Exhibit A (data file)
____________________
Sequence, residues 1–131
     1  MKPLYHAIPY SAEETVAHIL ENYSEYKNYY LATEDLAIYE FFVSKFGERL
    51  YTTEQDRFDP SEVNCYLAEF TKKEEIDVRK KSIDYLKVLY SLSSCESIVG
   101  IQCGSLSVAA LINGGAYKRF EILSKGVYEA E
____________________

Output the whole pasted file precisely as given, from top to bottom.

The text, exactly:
Sequence, residues 1–131
     1  MKPLYHAIPY SAEETVAHIL ENYSEYKNYY LATEDLAIYE FFVSKFGERL
    51  YTTEQDRFDP SEVNCYLAEF TKKEEIDVRK KSIDYLKVLY SLSSCESIVG
   101  IQCGSLSVAA LINGGAYKRF EILSKGVYEA E